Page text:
Figure 10.1 Apportionment of zoning authority between the city council, planning and development commission, zoning administrator, and the board of adjustment

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Zoning authority is delegated to quasi-judicial government bodies. In a typical scenario, the city council is responsible for enacting the zoning ordinance. A commission, generally called a planning and development commission, is responsible for conducting public hearings and deciding whether to approve applications to rezone land. A Zoning Administrator is responsible for enforcing the zoning ordinances and deciding whether to approve applications for variances or permits. A board, typically called a board of adjustment, reviews the decisions of the zoning administrator.

Euclidian Zoning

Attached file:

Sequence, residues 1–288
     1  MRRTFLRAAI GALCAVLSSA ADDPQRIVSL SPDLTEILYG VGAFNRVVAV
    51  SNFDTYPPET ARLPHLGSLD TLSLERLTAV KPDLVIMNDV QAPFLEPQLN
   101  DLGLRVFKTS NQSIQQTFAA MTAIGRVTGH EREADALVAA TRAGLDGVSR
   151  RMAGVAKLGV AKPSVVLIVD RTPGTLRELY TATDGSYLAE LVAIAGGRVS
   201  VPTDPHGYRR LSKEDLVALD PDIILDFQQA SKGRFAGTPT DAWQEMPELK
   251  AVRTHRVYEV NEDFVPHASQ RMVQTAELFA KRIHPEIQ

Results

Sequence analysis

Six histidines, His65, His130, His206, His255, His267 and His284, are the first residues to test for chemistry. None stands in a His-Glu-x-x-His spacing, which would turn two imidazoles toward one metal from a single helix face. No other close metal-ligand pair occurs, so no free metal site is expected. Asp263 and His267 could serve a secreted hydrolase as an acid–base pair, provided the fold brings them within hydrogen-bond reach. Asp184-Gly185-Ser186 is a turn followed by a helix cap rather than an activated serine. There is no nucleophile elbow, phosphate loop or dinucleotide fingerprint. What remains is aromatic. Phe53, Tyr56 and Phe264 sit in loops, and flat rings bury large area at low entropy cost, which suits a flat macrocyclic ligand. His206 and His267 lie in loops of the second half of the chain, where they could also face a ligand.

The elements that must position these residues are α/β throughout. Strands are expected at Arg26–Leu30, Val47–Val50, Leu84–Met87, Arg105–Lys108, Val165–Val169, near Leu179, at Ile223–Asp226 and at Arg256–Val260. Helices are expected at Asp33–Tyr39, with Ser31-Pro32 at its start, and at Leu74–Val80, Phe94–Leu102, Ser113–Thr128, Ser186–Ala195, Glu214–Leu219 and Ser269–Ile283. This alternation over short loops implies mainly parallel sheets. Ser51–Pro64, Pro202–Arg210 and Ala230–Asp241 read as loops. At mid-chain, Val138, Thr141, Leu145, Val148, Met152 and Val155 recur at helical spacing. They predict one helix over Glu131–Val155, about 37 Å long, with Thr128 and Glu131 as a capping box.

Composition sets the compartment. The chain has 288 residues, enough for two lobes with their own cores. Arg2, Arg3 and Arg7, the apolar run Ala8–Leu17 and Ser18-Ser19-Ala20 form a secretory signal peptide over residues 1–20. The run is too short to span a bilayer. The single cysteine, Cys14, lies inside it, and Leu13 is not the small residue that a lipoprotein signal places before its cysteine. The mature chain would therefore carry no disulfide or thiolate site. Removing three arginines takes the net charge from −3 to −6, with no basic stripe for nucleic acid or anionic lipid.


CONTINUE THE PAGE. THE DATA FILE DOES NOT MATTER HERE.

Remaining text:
Euclidian zoning (named after Euclid v. Amber Realty) uses cumulative zoning. Under this system, areas are zoned for multiple purposes, such as height, area, and use. In the Euclid case, the use category contained six different subcategories of uses: U-1 included things such as single family dwellings, parks, and water towers; U-2 included things such as two-family dwellings; U-3 included apartments, hotels, schools, libraries, hospitals, and similar types of uses; U-4 included retail stores; U-5 included light manufacturing; and U-6 included water reclamation, cemeteries, garbage dumps, and other such uses. With cumulative zoning, a permitted use can include not only the uses in that category but also all uses below it. For example, a parcel of land zoned as U-3 could include all the permitted uses in zones U-3, U-2, and U-1.